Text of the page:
So, when a single mother of three who cleans offices for a non-unionized cleaning company, she lives in fear of a child falling ill and missing school. Since her other family members also work in jobs they must protect by never missing a day of work, this "nickeled and dimed" wage earner is between a rock and a hard place when the school sends her feverish child home and demands that he or she not return for seven calendar days.
I am in no way stating that the CDC is erroneous in its recommendations for protecting the public from sick individuals potentially infected with the H1N1 virus, but we must not overlook the plight of the poor and the working poor when mandating sick days for children whose parents are at such risk of losing the little employment they have.
Now, government cannot solve every problem for every citizen at all times, but when we are mandating such a strict policy of isolation from school during a time when every person with a job desperately needs to retain that job in order to survive, there is a missing piece to the economic puzzle that must be examined, if not addressed.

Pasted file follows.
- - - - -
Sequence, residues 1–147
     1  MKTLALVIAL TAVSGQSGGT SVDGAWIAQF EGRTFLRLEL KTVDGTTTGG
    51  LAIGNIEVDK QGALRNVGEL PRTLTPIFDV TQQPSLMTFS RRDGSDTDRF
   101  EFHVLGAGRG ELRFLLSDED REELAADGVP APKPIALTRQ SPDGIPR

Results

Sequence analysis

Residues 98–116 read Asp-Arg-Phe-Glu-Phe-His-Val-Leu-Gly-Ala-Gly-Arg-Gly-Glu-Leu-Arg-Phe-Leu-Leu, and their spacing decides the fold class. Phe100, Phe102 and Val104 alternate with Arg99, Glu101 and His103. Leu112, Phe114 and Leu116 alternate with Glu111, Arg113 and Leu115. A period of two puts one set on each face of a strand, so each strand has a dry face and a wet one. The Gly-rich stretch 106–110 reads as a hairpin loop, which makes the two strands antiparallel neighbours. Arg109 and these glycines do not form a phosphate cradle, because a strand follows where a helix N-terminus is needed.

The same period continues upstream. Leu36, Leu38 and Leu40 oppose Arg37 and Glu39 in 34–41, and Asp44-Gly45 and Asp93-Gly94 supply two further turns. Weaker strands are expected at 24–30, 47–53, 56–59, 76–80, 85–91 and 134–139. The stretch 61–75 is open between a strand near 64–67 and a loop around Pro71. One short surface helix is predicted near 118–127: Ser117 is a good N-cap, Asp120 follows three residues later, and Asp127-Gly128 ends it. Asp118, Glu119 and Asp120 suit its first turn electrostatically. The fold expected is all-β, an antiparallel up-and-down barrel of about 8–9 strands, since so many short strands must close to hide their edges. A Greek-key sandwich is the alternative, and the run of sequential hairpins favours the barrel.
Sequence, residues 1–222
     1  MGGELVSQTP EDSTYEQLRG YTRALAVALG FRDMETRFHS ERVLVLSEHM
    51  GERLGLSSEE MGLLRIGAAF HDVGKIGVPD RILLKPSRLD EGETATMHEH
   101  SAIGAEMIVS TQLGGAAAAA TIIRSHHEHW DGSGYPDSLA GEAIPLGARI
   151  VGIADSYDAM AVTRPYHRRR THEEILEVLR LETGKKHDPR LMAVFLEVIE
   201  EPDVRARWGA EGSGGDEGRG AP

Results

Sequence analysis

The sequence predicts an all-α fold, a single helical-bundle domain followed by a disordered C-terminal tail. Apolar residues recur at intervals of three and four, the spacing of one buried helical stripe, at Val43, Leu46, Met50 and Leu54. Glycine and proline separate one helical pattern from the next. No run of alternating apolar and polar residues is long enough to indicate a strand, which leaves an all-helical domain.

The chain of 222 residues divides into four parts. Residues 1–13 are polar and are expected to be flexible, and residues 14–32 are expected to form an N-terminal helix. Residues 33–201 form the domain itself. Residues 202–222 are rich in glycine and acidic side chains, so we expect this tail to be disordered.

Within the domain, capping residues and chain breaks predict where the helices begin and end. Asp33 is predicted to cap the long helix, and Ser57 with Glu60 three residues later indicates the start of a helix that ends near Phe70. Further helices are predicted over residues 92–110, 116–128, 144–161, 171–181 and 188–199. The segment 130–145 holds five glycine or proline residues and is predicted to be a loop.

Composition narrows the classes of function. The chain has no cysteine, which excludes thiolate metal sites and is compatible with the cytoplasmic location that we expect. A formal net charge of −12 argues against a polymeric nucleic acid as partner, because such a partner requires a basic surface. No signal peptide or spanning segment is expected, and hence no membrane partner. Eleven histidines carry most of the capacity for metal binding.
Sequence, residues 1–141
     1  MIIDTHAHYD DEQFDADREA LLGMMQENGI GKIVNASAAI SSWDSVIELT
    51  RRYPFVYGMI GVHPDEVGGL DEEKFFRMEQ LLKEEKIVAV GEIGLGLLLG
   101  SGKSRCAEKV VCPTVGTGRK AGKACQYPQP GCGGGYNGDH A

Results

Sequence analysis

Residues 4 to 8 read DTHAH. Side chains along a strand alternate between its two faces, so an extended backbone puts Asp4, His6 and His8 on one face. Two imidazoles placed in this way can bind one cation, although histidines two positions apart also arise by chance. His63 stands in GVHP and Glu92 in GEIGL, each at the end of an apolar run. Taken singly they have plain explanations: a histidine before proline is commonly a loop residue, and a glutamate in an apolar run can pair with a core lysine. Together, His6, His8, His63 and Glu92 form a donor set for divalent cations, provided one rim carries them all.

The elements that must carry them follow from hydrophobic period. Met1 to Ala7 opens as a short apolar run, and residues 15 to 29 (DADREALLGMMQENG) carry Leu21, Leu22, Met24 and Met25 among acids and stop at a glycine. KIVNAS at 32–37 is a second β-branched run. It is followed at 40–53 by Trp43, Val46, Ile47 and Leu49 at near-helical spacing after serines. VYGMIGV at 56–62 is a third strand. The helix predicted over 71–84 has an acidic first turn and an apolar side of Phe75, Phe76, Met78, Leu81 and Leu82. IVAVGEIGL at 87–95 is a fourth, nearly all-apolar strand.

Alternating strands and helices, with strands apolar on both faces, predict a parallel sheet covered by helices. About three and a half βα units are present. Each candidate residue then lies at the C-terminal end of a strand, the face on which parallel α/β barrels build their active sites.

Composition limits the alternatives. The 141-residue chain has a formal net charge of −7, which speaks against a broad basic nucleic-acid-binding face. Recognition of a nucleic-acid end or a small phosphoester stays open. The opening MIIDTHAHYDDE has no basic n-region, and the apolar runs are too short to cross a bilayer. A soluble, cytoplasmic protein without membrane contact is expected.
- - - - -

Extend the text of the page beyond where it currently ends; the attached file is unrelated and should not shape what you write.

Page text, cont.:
Many workers are woefully unprotected from being laid off or fired when they miss a day of work for reasons well beyond their control, and the H1N1 virus may very well prove to be a problem for many workers on the edge of the wayward economy.
Wednesday, May 06, 2009
That said, my wife remarked that calling in sick on Nurses Day is in many ways quite perfect. Nurses work hard---often too hard---and I am no exception. And like many relatively new employees on probation, I still have no sick time or vacation until I reach my six-month performance review at the end of May. But no matter---self-care is paramount, and this is the perfect day to eschew the vicissitudes of work and the ongoing swine flu extravaganza.
For many, Nurses Day translates as greeting cards, flowers, a pat on the back, and a moment of recognition amidst the frenzied work of health care. For me, Nurses Day conjures images of rest, respite from the work of nursing, and a moment to reflect and remember why I became a nurse, why I'm still a nurse, and how I can take care of myself as a nurse.